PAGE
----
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Habits are powerful forces, and companies are using those forces when interacting with customers and employees.
“Over the past two decades, the science of habit formation has become a major field of research in neurology and psychology departments at hundreds of major medical centers and universities, as well as inside extremely well financed corporate labs,” wrote Charles Duhigg, a New York Times staff writer, in “How Companies Learn Your Secrets” in February.
Duhigg is everywhere these days, talking about his new best-seller “The Power of Habit: Why We Do What We Do in Life and Business (Random House, 2012). It’s a fascinating topic: habits, rather than conscious decision-making, can shape as many as 45 percent of the choices we make every day, according to a study [pdf] from Duke University.
Five of the themes Duhigg explores:
There’s a process for habit formation: The Cue, The Reward, The Routine. Cues trigger an action, a reward reinforces it, a routine develops. Take a look at a great diagram of the three elements to visualize how it works (and how to break it).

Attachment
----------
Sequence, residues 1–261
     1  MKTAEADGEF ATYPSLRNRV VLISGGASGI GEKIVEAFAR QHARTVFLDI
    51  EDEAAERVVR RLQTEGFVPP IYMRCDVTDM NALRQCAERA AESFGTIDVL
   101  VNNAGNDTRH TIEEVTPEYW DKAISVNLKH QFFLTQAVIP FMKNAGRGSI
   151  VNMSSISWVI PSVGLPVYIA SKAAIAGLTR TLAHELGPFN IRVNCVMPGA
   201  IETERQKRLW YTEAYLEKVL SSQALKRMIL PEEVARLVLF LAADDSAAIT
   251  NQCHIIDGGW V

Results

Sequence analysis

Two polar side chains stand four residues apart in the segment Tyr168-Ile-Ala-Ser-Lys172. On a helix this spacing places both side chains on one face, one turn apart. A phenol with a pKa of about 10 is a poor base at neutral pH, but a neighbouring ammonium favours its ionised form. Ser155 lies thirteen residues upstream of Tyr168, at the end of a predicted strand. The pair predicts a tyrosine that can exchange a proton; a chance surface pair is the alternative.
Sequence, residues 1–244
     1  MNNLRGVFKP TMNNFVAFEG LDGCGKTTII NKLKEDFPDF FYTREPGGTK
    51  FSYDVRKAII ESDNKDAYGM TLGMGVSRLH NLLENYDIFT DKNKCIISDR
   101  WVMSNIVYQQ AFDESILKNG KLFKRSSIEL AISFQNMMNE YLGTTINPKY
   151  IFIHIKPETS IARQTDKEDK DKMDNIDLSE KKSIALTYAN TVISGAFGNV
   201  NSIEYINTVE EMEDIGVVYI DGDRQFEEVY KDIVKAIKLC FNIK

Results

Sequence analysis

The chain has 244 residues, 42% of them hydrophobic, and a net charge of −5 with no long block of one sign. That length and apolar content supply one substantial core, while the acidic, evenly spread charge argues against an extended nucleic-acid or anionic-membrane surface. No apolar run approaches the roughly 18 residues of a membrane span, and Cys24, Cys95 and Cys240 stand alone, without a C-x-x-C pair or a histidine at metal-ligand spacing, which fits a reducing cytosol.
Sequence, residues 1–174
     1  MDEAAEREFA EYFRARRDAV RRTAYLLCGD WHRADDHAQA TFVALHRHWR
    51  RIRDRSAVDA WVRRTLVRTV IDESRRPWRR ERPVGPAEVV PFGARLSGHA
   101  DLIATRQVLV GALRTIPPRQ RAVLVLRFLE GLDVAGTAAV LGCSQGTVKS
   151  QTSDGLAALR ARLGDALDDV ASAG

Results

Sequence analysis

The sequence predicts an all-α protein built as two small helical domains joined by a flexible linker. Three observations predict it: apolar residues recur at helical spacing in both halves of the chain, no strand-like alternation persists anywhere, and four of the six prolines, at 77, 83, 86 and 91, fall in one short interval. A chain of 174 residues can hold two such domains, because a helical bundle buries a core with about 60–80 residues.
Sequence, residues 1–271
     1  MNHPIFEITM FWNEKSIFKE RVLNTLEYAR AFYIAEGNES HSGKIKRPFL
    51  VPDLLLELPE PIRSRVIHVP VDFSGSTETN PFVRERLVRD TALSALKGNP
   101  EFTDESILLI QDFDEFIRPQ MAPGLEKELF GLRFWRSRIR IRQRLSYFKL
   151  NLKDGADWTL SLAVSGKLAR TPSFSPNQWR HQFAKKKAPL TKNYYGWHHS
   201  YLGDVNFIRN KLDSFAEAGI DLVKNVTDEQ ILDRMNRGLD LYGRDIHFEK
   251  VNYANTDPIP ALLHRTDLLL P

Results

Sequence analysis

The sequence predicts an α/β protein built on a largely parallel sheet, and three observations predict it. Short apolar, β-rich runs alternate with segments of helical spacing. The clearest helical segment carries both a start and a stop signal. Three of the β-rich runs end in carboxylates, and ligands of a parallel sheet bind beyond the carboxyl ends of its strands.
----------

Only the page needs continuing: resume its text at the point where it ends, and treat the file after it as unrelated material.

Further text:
The science of how we form habits is used to sell products. “Almost every major retailer, from grocery chains to investment banks to the U.S. Postal Service, has a ‘predictive analytics’ department devoted to understanding not just consumers’ shopping habits but also their personal habits, so as to more efficiently market to them,” wrote Duhigg in his Times article.
A story on NPR gave toothpaste as an example. “About a hundred years ago, says Duhigg, no one in America brushed his or her teeth. But when one of the nation’s most prominent advertising executives, Claude C. Hopkins, heard about a new toothpaste called Pepsodent, he thought he could make a killing.” Hopkins made the product into a daily habit and provided a reward — a clean, tingly feeling. “He intuited [the habit loop] years before laboratories had proven that it exists,” said Duhigg.
Consumers can combat habit manipulation through observation. “When consumers start paying attention to their own habits, they gain an authority over their own behavior that no company can casually undermine,” Duhigg said in a Boston Globe story.